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Mortgages in Ireland, a little bit about mortgage brokers.

Just a quick note to readers, Irish Mortgage Brokers is an intermediary, we go between you and the bank to arrange finance. You can go direct yourself and get the same mortgage, however, over half of the market uses and intermediary to arrange their finance, this is normally because they don’t really how to get a mortgage in Ireland or because they find using a broker easier than dealing with the job directly. And some people just prefer the personal touch of a broker over that of call centres and branches.

If you want to find the best Irish mortgage rates you can do so in a simple phone call or online application, click on the ‘home’ button above and apply over the web or call us on 01 6790990 and an agent will be able to assist you. The people we tend to work with are clients looking for a First Time mortgage in Ireland, people who want to find out how to remortgage a property, commercial lending, and trading up/down.

We are regulated by the Financial Regulator as …

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First Time Buyers can't catch a break

First time buyers are being told ‘now is the time to buy’ in the papers. I think it’s time to spell out a few home truths for the prospective buyer just so that they are 100% sure of what they are getting into. Buying a home is fundamentally a good thing, doing so without knowing the facts however is not.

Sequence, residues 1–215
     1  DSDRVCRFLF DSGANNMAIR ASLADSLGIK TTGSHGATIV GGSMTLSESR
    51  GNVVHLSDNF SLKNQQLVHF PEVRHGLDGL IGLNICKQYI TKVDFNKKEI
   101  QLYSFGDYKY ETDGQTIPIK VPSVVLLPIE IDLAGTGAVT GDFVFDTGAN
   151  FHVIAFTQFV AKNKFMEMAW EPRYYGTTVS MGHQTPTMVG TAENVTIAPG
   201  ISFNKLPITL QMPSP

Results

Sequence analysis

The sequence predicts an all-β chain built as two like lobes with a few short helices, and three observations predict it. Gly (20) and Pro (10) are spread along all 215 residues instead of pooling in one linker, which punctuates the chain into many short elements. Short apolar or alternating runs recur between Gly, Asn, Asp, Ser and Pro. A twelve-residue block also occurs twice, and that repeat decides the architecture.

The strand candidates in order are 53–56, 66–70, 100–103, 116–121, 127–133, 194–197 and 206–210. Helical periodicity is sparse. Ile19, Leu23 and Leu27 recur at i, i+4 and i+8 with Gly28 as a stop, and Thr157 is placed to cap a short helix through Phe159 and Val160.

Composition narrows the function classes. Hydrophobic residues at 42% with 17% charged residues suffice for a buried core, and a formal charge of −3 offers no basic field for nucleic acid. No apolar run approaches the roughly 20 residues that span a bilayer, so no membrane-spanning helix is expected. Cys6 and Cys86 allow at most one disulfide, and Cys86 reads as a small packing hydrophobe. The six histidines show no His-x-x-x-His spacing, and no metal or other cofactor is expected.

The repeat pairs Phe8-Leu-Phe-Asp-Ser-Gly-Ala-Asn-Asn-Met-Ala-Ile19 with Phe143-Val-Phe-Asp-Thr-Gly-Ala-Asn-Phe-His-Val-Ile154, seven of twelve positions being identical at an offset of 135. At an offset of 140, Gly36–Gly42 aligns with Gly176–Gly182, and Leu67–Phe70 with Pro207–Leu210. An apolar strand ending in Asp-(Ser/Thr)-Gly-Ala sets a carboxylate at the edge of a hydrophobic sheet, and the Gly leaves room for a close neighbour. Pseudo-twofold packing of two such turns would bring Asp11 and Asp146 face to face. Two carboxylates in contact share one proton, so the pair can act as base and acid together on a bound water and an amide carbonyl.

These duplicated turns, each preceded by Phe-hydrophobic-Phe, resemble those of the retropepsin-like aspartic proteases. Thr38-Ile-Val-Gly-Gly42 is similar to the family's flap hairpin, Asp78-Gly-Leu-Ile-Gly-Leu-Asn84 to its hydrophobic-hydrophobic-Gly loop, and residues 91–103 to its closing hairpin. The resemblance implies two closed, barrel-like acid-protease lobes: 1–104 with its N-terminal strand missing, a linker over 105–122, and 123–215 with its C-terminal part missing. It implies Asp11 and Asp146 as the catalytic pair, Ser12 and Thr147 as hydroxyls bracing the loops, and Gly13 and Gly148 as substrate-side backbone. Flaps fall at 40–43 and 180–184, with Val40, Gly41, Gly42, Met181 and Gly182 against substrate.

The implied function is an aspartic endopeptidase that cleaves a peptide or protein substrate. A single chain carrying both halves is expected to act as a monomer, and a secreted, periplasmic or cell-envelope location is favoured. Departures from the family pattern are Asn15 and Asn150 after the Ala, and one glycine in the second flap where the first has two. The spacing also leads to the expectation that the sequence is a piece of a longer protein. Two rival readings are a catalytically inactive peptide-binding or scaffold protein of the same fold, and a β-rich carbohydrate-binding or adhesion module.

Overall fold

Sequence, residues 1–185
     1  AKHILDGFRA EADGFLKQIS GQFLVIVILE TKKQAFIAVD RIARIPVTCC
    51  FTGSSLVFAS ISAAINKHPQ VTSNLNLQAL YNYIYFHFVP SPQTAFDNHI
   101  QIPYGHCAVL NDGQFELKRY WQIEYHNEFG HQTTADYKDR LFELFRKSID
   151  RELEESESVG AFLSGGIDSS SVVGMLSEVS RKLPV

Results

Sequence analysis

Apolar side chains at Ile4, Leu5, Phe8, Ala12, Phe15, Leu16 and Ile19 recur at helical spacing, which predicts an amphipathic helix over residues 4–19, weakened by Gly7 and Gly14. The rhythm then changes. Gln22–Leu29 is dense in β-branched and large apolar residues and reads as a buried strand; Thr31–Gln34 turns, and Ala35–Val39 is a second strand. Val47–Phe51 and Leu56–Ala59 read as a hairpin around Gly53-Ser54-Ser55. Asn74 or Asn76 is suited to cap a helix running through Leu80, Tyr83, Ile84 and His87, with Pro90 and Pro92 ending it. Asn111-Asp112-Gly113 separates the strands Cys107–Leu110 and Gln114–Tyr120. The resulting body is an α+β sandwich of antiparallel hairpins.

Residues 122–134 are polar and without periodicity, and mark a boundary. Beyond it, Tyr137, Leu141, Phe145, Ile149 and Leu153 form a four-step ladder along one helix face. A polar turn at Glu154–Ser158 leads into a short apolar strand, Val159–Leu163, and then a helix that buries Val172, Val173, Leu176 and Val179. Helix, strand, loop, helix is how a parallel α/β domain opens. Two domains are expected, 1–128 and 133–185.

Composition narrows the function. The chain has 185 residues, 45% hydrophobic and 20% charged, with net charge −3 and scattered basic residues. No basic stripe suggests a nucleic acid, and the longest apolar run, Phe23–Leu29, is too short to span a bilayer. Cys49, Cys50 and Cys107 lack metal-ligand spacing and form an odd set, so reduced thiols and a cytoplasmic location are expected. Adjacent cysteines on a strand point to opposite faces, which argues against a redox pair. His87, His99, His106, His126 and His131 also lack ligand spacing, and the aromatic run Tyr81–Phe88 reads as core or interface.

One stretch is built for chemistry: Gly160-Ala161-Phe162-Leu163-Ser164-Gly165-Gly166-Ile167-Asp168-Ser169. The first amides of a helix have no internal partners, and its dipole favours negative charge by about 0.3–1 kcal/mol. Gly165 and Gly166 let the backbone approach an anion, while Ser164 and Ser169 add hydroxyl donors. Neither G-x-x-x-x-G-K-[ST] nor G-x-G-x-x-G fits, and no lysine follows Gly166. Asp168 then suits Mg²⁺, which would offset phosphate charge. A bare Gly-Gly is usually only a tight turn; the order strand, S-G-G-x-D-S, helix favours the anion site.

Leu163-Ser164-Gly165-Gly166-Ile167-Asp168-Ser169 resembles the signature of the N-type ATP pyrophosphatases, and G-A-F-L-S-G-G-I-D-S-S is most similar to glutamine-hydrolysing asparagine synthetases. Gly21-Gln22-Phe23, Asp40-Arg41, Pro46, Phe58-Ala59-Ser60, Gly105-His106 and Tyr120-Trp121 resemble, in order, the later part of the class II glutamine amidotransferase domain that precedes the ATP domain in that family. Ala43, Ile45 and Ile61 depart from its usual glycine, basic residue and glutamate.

Firstly, property is in a downward market at the moment, that’s not opinion, its a fact. You can dress it up as a ‘re-adjustment’ a ‘balancing out’ or an ‘inter-cusp reductionary period’, heck, call it ‘my granny’ for all I care, it’s still down, plain and simple. So if you put an offer on a property and an Estate Agent tells you ‘you have to sign soon or you’ll lose the place!’, then lose it (unless they accepted an offer so low you have to snap at it!) no guilt, no apologies, and don’t you dare pay full asking price! The current Irish property market favours the buyer not the seller. I would even advise our clients to offer below …

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First Time Buyers can’t catch a break

First time buyers are being told ‘now is the time to buy’ in the papers. I think it’s time to spell out a few home truths for the prospective buyer just so that they are 100% sure of what they are getting into. Buying a home is fundamentally a good thing, doing so without knowing the facts however is not.

Firstly, property is in a downward market at the moment, that’s not opinion, its a fact. You can dress it up as a ‘re-adjustment’ a ‘balancing out’ or an ‘inter-cusp reductionary period’, heck, call it ‘my granny’ for all I care, it’s still down, plain and simple. So if you put an offer on a property and an Estate Agent tells you ‘you have to sign soon or you’ll lose the place!’, then lose it (unless they accepted an offer so low you have to snap at it!) no guilt, no apologies, and don’t you dare pay full asking price! The current Irish property market favours the buyer not the seller. I would even advise our clients to offer below …

Read More